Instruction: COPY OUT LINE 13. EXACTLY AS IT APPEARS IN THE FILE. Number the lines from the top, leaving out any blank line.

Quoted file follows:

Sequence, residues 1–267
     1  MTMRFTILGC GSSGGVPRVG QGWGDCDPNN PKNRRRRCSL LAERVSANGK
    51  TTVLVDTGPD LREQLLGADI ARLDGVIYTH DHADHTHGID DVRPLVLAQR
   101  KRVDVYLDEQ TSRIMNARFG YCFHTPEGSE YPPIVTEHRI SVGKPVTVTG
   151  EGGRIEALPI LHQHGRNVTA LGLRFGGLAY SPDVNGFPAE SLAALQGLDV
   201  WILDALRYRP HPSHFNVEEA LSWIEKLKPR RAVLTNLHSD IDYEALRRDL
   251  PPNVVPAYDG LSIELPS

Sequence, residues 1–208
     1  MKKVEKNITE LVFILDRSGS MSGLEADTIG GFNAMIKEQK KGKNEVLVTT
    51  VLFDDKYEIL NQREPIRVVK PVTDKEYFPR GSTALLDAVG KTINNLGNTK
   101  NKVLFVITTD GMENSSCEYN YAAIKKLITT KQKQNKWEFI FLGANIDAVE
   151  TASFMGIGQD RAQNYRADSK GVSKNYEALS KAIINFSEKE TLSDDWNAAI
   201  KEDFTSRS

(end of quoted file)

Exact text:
   201  KEDFTSRS